New claims for unemployment benefits fell by 11,000 last week, an unexpectedly large decline that provided new evidence of the strength of the U.S. economy.

The Labor Department said Thursday that 308,000 Americans filed initial claims for unemployment benefits for the week ending last Friday, down from 319,000 the previous week.The 11,000 decline was an unexpected improvement. Many economists had been predicting that claims would rise on the belief that the economy is slowing in the current spring quarter.

The Federal Reserve, which will meet in two weeks to review interest rates, had been expecting the adverse effects of the Asian crisis to slow economic growth to a slower pace from the sizzling 4.2 percent growth rate turned in during the first three months of the year.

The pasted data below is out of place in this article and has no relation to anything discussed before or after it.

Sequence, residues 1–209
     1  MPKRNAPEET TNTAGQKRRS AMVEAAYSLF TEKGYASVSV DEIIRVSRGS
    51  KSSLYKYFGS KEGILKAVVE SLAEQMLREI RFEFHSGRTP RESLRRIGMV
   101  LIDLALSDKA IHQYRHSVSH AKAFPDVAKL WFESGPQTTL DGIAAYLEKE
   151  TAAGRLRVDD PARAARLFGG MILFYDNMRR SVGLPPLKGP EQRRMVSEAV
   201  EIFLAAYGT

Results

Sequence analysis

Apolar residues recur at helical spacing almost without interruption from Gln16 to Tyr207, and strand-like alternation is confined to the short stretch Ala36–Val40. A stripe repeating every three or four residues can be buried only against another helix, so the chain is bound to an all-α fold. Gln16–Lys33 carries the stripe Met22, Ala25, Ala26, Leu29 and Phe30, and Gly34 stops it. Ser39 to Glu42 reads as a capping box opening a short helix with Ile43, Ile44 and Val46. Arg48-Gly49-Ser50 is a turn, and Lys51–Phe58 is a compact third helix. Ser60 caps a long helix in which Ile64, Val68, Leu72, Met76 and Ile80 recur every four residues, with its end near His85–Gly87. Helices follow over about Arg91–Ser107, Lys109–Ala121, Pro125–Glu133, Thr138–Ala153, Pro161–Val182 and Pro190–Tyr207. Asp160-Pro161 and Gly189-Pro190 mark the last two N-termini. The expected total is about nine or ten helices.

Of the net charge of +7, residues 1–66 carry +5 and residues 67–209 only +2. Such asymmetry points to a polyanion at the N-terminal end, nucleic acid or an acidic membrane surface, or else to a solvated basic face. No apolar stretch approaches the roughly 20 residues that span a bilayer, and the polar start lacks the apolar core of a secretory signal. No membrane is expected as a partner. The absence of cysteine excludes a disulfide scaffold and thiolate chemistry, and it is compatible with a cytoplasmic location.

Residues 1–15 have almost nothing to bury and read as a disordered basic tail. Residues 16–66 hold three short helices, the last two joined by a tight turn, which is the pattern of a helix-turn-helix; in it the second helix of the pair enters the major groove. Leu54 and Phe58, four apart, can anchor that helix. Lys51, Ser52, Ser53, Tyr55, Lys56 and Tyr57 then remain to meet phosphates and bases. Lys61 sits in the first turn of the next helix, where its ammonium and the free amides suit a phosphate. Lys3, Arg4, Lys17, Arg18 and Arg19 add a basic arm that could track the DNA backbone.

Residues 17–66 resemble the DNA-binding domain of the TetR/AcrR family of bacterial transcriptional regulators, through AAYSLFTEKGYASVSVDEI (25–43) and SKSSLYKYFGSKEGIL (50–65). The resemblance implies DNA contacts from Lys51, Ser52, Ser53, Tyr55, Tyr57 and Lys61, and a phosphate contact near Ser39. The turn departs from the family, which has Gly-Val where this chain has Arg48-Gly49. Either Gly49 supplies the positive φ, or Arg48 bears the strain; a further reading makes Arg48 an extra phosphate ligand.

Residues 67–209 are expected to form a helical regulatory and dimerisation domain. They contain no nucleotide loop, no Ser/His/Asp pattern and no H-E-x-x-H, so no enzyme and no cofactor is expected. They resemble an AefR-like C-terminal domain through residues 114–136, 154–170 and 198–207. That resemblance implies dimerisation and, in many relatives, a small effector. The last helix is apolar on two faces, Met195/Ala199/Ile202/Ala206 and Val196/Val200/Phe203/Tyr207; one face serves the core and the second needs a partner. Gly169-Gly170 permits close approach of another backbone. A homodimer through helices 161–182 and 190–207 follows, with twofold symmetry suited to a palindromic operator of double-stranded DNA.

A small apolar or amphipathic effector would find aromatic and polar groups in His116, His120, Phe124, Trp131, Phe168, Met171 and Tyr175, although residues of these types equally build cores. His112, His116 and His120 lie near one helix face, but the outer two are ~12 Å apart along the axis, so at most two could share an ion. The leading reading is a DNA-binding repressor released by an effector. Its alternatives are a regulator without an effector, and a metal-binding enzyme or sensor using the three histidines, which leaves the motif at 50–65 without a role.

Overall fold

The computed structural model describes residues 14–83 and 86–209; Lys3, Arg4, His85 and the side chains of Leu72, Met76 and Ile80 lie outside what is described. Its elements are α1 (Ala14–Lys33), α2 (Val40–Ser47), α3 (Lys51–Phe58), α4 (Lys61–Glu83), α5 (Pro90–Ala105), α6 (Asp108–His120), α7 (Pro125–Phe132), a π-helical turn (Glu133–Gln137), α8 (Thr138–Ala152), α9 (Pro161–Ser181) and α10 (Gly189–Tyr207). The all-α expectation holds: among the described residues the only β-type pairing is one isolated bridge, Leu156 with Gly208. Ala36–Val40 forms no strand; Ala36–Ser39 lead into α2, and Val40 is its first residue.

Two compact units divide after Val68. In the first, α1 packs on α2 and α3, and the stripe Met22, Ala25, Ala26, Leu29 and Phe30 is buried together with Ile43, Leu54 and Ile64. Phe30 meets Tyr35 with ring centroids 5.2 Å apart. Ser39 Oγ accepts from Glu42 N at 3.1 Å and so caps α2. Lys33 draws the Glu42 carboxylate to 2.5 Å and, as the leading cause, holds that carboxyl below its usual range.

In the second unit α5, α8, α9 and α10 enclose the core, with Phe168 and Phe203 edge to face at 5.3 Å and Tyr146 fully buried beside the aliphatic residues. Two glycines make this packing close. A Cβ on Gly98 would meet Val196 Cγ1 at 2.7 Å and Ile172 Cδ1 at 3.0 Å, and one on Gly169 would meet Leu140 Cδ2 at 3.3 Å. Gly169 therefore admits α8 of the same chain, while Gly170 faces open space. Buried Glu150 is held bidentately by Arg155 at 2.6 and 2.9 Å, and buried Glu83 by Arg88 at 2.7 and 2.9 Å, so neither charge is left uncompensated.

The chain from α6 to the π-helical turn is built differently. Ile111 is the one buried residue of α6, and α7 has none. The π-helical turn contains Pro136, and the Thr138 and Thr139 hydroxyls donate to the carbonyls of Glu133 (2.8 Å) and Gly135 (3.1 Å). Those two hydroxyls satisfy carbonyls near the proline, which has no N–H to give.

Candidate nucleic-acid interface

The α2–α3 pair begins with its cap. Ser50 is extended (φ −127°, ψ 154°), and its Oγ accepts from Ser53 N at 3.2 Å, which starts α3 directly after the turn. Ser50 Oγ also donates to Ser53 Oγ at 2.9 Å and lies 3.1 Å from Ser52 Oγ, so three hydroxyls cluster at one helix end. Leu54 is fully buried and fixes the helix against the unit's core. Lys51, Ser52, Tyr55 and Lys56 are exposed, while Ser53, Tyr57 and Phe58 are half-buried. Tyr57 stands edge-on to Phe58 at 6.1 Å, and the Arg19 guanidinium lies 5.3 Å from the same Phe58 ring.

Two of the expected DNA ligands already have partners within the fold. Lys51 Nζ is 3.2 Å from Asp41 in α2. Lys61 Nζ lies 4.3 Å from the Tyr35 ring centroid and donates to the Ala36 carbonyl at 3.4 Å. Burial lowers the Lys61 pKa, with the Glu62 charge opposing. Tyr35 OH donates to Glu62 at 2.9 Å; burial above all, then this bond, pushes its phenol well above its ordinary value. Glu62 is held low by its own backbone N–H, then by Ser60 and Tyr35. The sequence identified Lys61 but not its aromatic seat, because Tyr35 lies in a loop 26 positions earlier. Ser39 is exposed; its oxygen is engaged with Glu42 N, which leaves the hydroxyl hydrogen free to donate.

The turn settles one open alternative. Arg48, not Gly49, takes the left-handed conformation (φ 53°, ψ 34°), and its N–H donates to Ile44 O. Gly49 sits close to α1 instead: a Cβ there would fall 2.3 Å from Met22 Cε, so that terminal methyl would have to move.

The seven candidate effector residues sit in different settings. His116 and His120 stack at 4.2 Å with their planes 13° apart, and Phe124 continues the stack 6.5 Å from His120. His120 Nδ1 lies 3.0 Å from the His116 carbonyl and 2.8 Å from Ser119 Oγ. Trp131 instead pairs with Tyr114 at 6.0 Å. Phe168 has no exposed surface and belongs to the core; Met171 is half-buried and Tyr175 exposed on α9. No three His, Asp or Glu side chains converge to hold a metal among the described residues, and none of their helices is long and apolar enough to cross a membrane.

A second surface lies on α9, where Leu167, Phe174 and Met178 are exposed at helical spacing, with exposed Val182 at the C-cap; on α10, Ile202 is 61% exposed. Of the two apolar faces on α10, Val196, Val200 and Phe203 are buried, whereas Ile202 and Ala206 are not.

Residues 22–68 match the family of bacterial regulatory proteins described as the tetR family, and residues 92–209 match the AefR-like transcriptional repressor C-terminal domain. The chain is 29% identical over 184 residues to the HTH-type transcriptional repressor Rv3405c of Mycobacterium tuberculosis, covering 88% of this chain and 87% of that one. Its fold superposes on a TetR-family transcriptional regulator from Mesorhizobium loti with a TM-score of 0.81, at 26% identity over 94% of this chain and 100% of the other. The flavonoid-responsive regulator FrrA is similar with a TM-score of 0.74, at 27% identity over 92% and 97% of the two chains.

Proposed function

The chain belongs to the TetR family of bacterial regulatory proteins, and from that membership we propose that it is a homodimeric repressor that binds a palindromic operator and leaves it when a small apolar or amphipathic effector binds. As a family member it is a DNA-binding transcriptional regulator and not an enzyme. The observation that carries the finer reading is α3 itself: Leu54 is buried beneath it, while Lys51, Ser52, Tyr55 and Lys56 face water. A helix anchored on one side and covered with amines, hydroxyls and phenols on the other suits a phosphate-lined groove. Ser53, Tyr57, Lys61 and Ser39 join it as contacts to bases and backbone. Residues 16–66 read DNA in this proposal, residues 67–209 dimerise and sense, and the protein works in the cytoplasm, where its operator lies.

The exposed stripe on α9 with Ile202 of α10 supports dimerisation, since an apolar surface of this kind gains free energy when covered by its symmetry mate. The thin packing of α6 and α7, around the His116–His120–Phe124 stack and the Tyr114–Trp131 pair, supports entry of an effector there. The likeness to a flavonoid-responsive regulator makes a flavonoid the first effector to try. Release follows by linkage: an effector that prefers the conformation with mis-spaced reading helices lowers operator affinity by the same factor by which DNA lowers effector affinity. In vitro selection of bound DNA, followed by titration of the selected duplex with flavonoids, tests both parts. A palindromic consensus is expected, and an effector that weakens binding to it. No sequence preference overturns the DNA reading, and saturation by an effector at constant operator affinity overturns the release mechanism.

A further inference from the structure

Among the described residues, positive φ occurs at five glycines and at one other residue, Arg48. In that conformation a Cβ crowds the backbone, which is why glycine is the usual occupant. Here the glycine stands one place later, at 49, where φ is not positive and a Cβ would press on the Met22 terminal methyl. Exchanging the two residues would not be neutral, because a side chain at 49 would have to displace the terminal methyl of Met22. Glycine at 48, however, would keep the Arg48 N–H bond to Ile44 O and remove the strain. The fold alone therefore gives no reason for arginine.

However, various recent indicators have shown unexpected strength, raising concerns in financial markets that the Fed may soon be forced to start raising interest rates to slow U.S. growth and keep inflationary pressures at bay.

A key indicator the Fed will be watching is Friday's report on unemployment for April. The previous report showed that unemployment edged up to 4.7 percent in March as payroll jobs shrank by 36,000, the first such decline in more than two years.